In his 1963 book The Fire Next Time, James Baldwin wrote a profound personal letter to his young nephew (also named James), in which he poignantly described the dehumanizing world that Black people must face in America:
“You were born into a society which spelled out with brutal clarity, and in as many ways as possible, that you were a worthless human being. You were not expected to aspire to excellence: you were expected to make peace with mediocrity. Wherever you have turned, James, in your short time on this earth, you have been told where you could go and what you could do (and how you could do it) and where you could live and whom you could marry. I know your countrymen do not agree with me about this, and I hear them saying ‘You exaggerate.‘” [emphasis mine]
This passage captures a critical component of racial inequality. When people under oppression try to articulate the injustice they face to the society in power, their narratives are actively ignored, undermined, and delegitimized as absurd, false, or unimportant. To this day, Black Americans are regularly told that they “exaggerate” when they warn about white supremacists, police brutality, job discrimination, and other racial problems. This feeling of dismissal, expressed by Baldwin 55 years ago, resonates powerfully with the Palestinian experience.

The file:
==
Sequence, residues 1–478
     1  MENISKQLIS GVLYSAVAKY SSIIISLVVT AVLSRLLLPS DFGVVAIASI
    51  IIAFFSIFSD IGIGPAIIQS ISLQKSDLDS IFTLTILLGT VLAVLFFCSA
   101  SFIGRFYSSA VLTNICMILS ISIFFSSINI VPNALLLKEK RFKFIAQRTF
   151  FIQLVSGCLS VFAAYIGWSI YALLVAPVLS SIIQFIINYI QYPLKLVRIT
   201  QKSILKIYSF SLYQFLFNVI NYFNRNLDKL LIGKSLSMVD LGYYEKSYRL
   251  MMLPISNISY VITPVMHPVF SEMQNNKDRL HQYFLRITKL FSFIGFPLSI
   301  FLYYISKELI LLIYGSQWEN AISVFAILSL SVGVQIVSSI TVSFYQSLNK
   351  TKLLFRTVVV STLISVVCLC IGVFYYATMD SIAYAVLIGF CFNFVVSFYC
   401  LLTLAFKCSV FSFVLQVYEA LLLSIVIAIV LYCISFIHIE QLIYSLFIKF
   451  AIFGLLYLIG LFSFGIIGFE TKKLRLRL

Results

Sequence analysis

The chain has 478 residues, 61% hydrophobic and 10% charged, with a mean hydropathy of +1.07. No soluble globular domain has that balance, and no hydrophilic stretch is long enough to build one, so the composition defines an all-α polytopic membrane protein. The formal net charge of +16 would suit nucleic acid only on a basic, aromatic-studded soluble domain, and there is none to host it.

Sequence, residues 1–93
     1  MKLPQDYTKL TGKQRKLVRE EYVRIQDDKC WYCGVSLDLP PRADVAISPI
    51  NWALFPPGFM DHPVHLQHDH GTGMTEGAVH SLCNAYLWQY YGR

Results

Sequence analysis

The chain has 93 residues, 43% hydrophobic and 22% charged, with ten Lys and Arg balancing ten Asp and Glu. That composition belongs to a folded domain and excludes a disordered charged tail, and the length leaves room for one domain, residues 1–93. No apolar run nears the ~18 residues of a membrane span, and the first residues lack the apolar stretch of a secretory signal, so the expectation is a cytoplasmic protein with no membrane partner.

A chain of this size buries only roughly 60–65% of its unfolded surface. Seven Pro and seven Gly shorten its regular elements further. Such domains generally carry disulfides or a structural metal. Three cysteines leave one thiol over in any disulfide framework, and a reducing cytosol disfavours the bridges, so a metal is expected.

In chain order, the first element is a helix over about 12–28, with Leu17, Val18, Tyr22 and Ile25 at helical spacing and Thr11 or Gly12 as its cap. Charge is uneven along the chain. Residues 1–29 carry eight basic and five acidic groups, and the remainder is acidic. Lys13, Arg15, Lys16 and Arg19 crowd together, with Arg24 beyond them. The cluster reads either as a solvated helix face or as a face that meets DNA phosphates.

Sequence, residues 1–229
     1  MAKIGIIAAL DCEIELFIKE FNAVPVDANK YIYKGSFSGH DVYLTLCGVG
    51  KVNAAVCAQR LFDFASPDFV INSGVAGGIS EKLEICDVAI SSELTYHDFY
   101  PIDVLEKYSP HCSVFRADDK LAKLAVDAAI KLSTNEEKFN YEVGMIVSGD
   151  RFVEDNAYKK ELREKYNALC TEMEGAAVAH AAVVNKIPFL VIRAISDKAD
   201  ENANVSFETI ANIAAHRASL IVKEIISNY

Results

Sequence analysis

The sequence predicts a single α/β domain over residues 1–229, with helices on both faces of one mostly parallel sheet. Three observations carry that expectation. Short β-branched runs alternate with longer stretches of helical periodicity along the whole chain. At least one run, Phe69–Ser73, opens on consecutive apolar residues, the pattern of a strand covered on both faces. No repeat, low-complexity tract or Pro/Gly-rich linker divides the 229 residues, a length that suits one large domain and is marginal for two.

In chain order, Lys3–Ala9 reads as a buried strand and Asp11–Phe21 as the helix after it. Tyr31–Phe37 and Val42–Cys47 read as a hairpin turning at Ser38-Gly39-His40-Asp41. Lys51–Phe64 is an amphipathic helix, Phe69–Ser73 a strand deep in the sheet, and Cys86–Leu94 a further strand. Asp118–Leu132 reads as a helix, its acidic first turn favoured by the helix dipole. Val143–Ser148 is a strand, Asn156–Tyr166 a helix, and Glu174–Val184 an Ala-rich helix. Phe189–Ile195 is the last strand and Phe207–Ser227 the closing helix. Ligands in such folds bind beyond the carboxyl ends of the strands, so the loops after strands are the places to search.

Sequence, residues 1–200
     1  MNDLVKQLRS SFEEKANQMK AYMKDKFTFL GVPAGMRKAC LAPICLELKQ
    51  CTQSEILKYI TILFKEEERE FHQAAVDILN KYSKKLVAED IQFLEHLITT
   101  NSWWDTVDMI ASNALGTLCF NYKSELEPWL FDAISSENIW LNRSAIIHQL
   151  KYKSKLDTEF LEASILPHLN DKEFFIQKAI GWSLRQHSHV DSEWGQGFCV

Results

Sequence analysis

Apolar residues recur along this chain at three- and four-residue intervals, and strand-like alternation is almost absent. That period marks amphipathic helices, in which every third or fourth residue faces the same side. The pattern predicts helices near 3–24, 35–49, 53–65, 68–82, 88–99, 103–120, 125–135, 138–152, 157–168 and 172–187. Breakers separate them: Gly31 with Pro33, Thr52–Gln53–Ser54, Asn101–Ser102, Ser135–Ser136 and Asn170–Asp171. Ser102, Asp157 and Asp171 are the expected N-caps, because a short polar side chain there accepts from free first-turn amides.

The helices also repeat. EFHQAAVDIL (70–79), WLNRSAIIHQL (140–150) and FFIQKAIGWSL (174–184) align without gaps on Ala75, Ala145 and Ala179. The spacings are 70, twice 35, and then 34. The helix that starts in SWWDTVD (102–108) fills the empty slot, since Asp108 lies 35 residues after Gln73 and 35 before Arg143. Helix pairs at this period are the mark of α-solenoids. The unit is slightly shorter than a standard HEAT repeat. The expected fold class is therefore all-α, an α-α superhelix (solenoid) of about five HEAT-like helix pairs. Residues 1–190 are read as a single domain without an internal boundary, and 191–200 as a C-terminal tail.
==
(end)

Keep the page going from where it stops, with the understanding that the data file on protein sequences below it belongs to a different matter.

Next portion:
The recent outrage over the political interrogations of prominent left-wing American Jews like Simone Zimmerman and Peter Beinart is an important and much-needed development. But for many Palestinians, it can be very frustrating to watch. Despite thousands of Palestinians, Arabs, and Muslims being detained, interrogated, humiliated, threatened, deported, and banned for trying to enter Israel or the occupied territories, hardly any of them could garner the same local or international attention, or stir the same level of shock, among people with power and privilege who claim to be concerned about democracy and civil rights in the country.